In Catalyst Wedding Co. editor Liz Susong's weekly column devoted to the feminist bride, she dives headfirst into the crazy history behind common wedding traditions we may take for granted. Liz investigates here.
The traditional wedding vows we recite today are nearly identical to those from Medieval England. The bride’s vows went a little something like this: “...for better for wurs, for richere, for porer, in sikenesse and in helthe, to be bonoure and buxum in bed and at bord…” Woah, stop the presses! To be buxum in bed? When I read this, my eyes were the size of pancakes, thinking damn those broads were liberated, until I learned that “bonoure and buxum” translated more directly to being good and obeying one’s husband, rather than getting in touch with your inner sex goddess. Patriarchy can be such a bummer.
So what I’m telling you is that the vows we recite today are basically the same as those from Medieval England, and they are actually word for word from 1549. FIFTEEN FORTY-NINE! Women have been promising to obey their husbands since 1549! Please excuse me while I top up my Bloody Mary.
Our traditional wedding vows were written by — Alice? Margaret? — Thomas Cranmer, the Archbishop of Canterbury between 1533 and 1556. Cranmer wrote the Book of Common Prayer, which essentially created the guidelines for worship services, baptism, confirmation, and marriage — all in English! Henry VIII appointed Cranmer and oversaw his work. Given this little fun fact, I’m honestly surprised we womenfolk don’t promise to “love, cherish, and obey, lest we have our heads lopped off like that harlot Anne Boleyn.”
Now, I have sat through many a church service in which a 40-something white minister explains that obeying ain’t all that bad, especially when the man you are submitting to is a benevolent leader who will always put your needs ahead of his own. But no amount of semantic gymnastics could convince me to obey my husband. I mean, he’s a great guy, but what would obeying him even look like? I’d always have to fill up the gas tank once it dropped to half empty instead of entering a full on panic when the gas light is flashing at me and I have to be somewhere in five minutes, I’d have to share the sheets rather than burrito-ing myself like a newborn baby, and I would be forced to care about NBA player’s tweets and Instagram accounts — I’m sorry, but that is just impossible!
Apparently a lot of women started to feel this way in the 1970s, challenging the centuries-old vows and electing for a more personalized and fluid version. Or, as Cheryl of Pennsylvania summarizes, “No-bey.” Margo of Ohio married in 1978, and she wrote her own vows: “When my mother-in-law heard them out loud in rehearsal, she wanted to know if we would really be married since we ‘didn't promise anything,’ in her words.”
But hey, we are promising lots of things. Amber and Marley of New York promised “that if we got divorced, we’d be fair and kind. They also “agreed to maintain an ethical humanist and egalitarian household.” Rachel promised “to go out of her way to recycle” and to “scratch Adam’s head when he’s feeling stressed.” See, 1970s moms? We are making promises.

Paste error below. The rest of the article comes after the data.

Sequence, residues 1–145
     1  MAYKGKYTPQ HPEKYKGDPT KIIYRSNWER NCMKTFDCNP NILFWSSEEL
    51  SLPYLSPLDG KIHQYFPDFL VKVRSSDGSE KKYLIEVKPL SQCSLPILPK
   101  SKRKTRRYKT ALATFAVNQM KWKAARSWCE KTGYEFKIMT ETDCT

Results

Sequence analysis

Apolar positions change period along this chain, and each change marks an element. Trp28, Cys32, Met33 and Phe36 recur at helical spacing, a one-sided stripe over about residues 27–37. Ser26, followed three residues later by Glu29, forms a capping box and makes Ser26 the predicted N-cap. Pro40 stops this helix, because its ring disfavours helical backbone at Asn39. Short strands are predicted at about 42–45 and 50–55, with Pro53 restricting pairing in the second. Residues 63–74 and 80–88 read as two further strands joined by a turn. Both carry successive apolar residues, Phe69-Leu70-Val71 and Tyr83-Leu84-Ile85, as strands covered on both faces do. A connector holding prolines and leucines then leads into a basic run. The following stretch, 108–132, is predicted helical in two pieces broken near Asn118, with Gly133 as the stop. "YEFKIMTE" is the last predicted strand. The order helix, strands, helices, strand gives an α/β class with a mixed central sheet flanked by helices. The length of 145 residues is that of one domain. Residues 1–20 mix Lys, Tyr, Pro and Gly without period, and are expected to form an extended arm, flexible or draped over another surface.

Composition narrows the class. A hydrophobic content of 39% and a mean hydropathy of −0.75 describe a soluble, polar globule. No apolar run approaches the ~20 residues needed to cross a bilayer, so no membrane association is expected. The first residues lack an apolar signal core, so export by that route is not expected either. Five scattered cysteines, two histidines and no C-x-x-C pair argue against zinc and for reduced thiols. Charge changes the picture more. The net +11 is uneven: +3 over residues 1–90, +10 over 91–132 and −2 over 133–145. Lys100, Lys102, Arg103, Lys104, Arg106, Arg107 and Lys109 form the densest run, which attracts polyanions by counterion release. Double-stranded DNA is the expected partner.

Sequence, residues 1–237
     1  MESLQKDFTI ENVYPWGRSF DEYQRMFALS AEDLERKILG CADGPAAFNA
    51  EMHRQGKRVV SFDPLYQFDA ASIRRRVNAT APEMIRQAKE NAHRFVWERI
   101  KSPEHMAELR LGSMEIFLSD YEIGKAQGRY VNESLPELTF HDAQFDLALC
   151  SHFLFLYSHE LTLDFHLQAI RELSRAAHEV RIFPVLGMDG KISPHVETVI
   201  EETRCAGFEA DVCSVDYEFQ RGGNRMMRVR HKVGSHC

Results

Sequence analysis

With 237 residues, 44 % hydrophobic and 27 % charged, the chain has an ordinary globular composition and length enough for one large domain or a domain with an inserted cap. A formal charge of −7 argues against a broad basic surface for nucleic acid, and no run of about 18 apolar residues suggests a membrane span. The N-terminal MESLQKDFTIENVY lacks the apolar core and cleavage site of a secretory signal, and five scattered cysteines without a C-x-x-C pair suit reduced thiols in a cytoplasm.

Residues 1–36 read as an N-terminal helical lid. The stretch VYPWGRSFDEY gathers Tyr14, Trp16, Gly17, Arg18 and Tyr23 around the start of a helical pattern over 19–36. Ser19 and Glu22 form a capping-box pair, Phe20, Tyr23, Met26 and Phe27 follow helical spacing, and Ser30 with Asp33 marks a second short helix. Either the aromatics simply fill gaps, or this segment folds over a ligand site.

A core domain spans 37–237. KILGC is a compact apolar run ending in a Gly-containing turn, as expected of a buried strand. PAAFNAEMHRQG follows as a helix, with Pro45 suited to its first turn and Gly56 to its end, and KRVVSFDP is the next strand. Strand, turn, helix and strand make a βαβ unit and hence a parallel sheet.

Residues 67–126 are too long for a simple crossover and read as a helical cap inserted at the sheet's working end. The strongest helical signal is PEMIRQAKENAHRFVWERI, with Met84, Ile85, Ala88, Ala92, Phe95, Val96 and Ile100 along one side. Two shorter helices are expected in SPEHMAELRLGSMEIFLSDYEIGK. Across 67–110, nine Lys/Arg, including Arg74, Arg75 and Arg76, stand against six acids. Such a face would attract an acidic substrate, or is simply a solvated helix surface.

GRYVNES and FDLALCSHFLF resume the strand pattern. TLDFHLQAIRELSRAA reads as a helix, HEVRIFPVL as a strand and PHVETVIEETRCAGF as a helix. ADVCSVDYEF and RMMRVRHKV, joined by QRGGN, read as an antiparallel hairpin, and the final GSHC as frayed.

But still, the vows can be a huge point of contention between couples and their families. The vows represent the values a marriage is built on, and families often want to see themselves reflected in those values. Maika is getting married in January, and when asked about vows, she said, “I am so dreading this part. My family expects traditional.” She wonders if it would be easiest just to appease them and recite the old vows. Then she second guesses this statement: “Maybe I’ll say mine in Italian so I can say some off-the-wall stuff that no one there will understand. It’ll be a win-win between the fam and me.”
Laura of Portland offers some comfort. While she and Ben worked really hard on their vows, trying to pick the perfect words, “when it came to the moment of saying the vows, which was of course the crux of the ceremony and the point of the day, it isn’t the words that I remember.” Rather she recalls the feeling in that moment as she recited them. “They were just a vehicle by which to express something that was understood underneath them.” However, she really enjoyed the process of writing the vows together, which created “a moment of calm to consider what this union means to you in the midst of the wedding planning.”
Amber and Marley also took a unique approach, sharing some vows publicly, and reserving others for a more private moment between just the two of them. Monique recalls that she and her husband wrote their own vows, but they also recited the traditional ones “as extra insurance.” While these are great compromises, I would say that no matter how you approach it, your vows should ring true for you and your partner. You are the ones who are making the commitment to live those vows, after all. And regardless of what your family thinks prior to the wedding, they will likely be able to sense that emotion between you as you make your promises, and that is what will stick with them for years to come.